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The Cumberland Islander Oct 31, 1930

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 mm\ Cumberland Islander
At the Ilo-Ilo
this week end
Hb
WITH   WHICH  IS  CONSOLIDATED  THE  CUMBERLAND   NEWS.
FORTY-NI.NTH    YEAR—No.    44
CUMBBKlsAND, BRITISH COLUMBJA  FRIDAY,  OCTOBER  aist,   1980.
SUBSCRIPTION  PRICK:   TWO  DOLLARS  PER ANNUM
Local Eagles At
Head Of Upper
TAG DAY
I SUCCESSFUL.
j     The tag dny held on Saturday last
j by the ladies' auxiliary of the Cum-
*  a %    * | berland  General Hospital was very
Island    LeagUe Hucc.s-inl, the sum of $141 being rc-
  I alizcd.    The auxiliary wns assisted
Courtenay Defeated by Three Goals j by many volunteer helpers and the
to One j executive take this opportunity of
  ! thanking all  those who assisted so
Spark Arrester       Three year Contract
Being Tried Again   For Local Miners
Tss.t.   Under  Working  Condition.
Being   Hold   Todmy
Afreenseist Signed et Meeting Wills
Lieut-Col. Villier.
Union Bay Head
Cribbage League
Shipping Point Boy* Win Third
Straight '
j graciously,  also  all  thoso  who gave
su generously to make the tag day
j the success it was.
i Nanaimo To Bring
With a re-organized team, the
Cumberland Ragles triumphed over
the Courtenny eleven by a score of
three goals to one, all goals being
scored in the first half. On the run
of the play the locals deserved their
win, the visitors tiring fast in the
second half but managed to keep out
the fast Eagles. H	
Referee  Thoburn   got   the  teams! Henry Wation Will Be
lined   up   shortly   aftet    U   o'clock.! of  Viaiton
Courtenay won the toss and elected} 	
to piny with the sun at their backs, j Wo received word from Nat, Bevis
From the kick off the ball wns forced; on Thursday stating thnt theNanai-
towards the Cumberland goal whero moites would bring to Cumberland
the defence soon transferred piny to jon Sunday, the strongest possible
mid-field. Cumberland's outside right]team, mindful of the .great game put
was placed in a good position for a j up by thc local Eagles at Nanaimo
perfect cross and without hesitation,;, few weeks ago when the Hub city
put thc ball In front of goal, Bradley | players   only   managed   to   win   the
In connection with the spark ar-; On Monday, Lieut.-CoI. C. W. Vil-
rester tried out recently on a spe-'liers met the members of the agree-
daily converted engine it is stated'ment committee of the Comox Mines
from Victoria offices of the E, and of the Canadian Collieries (Duns-
N. Railway that further tests under muir), Limited and after a very
j working conditions will be made to* J frank discussion of the many prob-
I day, October 31st, over tho Island' lems confronting both employer and
I railroad. | employees nn agreement was arrived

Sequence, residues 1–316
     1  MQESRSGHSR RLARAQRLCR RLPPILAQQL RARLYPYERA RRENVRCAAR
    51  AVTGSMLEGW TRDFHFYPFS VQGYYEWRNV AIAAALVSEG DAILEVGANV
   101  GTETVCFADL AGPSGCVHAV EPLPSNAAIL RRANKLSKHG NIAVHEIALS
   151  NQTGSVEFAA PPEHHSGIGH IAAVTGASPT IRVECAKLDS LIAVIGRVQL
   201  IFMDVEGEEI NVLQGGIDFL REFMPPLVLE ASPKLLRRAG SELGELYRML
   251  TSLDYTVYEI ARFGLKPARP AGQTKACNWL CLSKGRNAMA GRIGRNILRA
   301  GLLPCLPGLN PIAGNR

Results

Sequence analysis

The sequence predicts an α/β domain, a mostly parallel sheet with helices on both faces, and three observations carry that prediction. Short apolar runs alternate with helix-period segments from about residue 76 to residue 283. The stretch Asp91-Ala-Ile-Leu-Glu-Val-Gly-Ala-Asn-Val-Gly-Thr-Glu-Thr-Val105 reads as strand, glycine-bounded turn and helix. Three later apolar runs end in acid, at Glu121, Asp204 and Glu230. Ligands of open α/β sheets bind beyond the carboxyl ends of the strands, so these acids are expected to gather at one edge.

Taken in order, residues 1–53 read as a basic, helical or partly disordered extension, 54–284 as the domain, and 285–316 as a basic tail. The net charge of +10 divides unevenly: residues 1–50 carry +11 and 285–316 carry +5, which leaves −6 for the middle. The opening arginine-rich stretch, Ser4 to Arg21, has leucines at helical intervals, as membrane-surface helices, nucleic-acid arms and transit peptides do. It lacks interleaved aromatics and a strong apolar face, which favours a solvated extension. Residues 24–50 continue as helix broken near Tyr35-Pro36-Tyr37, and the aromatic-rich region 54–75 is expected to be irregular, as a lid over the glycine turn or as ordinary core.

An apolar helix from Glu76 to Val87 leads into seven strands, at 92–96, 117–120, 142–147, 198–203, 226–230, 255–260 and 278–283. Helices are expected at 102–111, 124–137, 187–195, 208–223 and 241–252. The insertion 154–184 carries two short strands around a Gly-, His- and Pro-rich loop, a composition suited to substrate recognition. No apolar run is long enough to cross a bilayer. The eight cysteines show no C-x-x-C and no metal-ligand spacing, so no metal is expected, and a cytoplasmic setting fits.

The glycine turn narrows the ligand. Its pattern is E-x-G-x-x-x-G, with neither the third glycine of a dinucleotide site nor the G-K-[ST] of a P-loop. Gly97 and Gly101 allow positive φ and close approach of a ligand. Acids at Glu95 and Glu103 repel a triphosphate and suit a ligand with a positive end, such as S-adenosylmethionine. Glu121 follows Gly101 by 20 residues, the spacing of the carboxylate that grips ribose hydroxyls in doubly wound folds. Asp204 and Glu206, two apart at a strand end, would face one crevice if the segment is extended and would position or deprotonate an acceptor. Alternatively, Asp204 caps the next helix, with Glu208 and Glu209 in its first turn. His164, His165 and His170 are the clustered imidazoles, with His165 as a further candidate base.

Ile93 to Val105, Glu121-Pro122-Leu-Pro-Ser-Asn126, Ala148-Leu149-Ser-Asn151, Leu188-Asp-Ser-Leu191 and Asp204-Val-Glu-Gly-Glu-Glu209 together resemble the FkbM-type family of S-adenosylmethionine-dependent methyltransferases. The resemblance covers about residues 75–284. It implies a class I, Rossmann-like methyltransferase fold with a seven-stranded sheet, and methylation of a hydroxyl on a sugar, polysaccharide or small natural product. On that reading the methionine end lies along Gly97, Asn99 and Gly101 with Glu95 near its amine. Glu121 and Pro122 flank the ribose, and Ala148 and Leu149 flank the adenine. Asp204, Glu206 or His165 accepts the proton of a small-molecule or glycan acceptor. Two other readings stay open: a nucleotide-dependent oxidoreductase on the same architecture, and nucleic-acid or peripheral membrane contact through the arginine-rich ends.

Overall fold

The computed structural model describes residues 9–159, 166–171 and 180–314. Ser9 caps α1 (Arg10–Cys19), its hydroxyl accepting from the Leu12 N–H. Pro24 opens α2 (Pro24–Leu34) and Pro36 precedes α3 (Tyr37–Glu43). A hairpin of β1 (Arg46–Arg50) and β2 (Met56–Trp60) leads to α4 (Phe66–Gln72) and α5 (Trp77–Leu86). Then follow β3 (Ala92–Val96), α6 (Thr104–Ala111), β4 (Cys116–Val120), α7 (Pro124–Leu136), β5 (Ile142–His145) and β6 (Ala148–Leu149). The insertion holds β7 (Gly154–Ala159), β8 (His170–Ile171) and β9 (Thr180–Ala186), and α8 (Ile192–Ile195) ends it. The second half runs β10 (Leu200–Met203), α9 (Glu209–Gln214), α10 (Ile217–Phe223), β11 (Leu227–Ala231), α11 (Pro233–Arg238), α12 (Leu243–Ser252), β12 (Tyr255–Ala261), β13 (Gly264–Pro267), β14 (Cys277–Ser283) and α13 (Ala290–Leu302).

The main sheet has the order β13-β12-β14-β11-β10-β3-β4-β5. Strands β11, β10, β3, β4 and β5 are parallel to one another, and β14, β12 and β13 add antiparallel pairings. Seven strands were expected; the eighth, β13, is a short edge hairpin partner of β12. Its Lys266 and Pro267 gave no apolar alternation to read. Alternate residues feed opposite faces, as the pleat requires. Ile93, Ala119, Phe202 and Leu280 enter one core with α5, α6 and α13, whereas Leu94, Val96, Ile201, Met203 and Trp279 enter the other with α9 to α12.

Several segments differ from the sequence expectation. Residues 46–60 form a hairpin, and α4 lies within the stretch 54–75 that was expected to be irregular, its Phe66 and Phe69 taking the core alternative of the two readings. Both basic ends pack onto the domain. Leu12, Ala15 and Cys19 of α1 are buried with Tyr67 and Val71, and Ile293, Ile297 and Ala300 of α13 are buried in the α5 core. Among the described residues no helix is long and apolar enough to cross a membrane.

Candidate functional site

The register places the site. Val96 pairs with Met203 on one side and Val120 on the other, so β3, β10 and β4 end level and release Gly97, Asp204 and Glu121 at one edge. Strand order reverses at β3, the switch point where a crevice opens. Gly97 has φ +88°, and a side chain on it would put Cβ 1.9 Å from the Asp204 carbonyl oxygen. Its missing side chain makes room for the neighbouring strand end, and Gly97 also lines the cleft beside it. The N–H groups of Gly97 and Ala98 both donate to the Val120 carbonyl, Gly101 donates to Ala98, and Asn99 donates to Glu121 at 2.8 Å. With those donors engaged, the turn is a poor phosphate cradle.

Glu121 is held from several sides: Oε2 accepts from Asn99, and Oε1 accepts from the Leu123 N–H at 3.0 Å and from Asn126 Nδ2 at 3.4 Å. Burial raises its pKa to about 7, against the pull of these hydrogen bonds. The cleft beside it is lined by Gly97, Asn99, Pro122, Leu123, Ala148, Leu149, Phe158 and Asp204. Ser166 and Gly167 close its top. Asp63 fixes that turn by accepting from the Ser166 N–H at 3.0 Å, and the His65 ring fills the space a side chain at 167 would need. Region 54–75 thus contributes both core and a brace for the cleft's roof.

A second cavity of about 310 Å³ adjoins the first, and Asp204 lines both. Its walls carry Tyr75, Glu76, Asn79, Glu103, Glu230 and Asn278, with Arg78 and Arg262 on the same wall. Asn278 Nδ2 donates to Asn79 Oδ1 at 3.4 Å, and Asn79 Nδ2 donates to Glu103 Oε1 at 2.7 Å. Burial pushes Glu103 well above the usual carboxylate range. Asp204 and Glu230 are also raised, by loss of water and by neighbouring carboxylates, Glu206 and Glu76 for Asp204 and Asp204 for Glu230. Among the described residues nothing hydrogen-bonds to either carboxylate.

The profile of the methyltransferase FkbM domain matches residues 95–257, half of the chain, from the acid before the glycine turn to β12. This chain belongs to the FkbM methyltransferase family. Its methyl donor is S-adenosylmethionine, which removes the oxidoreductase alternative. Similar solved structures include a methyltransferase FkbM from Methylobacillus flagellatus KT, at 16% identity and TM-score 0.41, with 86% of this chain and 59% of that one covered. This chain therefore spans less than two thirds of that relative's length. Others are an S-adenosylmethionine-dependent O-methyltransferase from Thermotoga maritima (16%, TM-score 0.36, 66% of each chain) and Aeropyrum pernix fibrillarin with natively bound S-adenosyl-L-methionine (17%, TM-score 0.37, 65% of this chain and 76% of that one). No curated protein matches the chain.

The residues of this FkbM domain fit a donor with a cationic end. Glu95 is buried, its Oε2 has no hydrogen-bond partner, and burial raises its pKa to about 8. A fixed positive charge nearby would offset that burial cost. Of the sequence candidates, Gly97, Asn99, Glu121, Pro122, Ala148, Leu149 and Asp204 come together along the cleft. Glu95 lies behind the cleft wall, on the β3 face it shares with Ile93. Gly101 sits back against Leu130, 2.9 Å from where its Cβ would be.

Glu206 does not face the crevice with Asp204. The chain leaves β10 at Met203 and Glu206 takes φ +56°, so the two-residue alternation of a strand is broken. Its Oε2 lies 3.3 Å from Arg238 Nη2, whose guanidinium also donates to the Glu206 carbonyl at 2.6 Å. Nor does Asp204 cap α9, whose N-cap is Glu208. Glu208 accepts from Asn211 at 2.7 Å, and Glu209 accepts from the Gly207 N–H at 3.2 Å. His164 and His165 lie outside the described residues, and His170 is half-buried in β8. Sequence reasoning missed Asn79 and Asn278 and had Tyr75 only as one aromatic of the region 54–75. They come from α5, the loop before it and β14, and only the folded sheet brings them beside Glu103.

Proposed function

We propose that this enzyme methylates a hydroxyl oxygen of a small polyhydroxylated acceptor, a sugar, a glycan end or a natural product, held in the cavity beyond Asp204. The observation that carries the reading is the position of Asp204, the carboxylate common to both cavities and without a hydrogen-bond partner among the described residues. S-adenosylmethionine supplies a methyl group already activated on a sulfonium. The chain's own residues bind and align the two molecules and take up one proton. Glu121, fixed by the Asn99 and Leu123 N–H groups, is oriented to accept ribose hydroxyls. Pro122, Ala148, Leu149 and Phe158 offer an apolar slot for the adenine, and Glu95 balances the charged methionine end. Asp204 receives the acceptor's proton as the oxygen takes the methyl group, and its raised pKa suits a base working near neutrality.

j     In an effort to relieve unemploy- nt, und duly signed which will run
f t\nA Tpam ^Sim*fJ»V'ment ~00 "'Iit cnrs arc being nssem-;fov a period of three years a.s from
VJUOU 1 CaUl sOUIlUay < ,)tcd ftt the victoria shops of the E.: October the 31st, 1930.    The agree.
and N. Railway.   The work will start: ment  committee  elected  somo  time
this week end and will continue un-.ago have been in session on two or
.ine-up
til the  whole of the  200  cars
ready for the road.
having no difficulty in turning the
ball past Grier. This was four minutes nfter the stnrt and put lots of
pep into the home forwards. The
Courtenny defence steadied up with
the result thnt givo nnd take play
was the order for a time with exchanges nbout even. The local backs,
Brown and •Bickle were playing a fair
game, with thc latter placing one
or two nice pnsses to his half or forward. Only once during the early
period did the home left back let in
the visiting forwards, but it almost
■spelt disaster, Auchlnvole being far
too anxious, his final effort going
harmlessly past tho post. Gradually
thc home team took the upper hand,
the halfs playing vory finely with
Weir, easily the pick, Time after
time the Eagles' forward line moved
'up in good style but poor finishing
spoilt several good chances, drier,
the Courtenay goalie was tried on
several occasions but cleared in fine
style, one of his saves under the
cross bar being real good, During
a raid on the visiting goal, the ball
was handled within the dreaded area.
The resulting spot kick was entrusted to Howay who put the hall past
the post, From the goal kick, play
was transferred to the opposite end
where Brown cleared well. Courtenny tried to break through on the left
immediately after, hut Bickle lying
well up broke up what looked like
a promising raid. Quickly the ball
travelled up the field, the right wing
giving Gibson in centre a good chance
which he promptly took scoring with
a hard drive after thirty-live minutes of play. One minute after Courtenay scored through Auchinvole
after two attempts. One minute
from half-time Howay from thirty
yards out sent in a high cross shot
which Grier just managed to get his
hands on but had tho misfortune to
put the ball through his own goal,
It was tagged for a counter anyway.
Score nt half time: Cumberland, 3,
Courtenay 1.
Second  Half  a   Blank
The second half started off with
Courtenay pressing, four corners being forced in quick sueeesfWfc These
were easily cleared and play transferred to the opposite ond where
Grier wos tested on numerous occasions. The visiting goalie, however,
was safe .one of his saves nt the side
of the post being real good. Grier
without doubt the best goalie
amongst the juniors developed in the,
district. It was good to sec "Chuna"
in the Cumberland goal applauding
the work of his rival goalie. The
home team in this half were far
and away tho better team but tailed
to find the net, the final whistle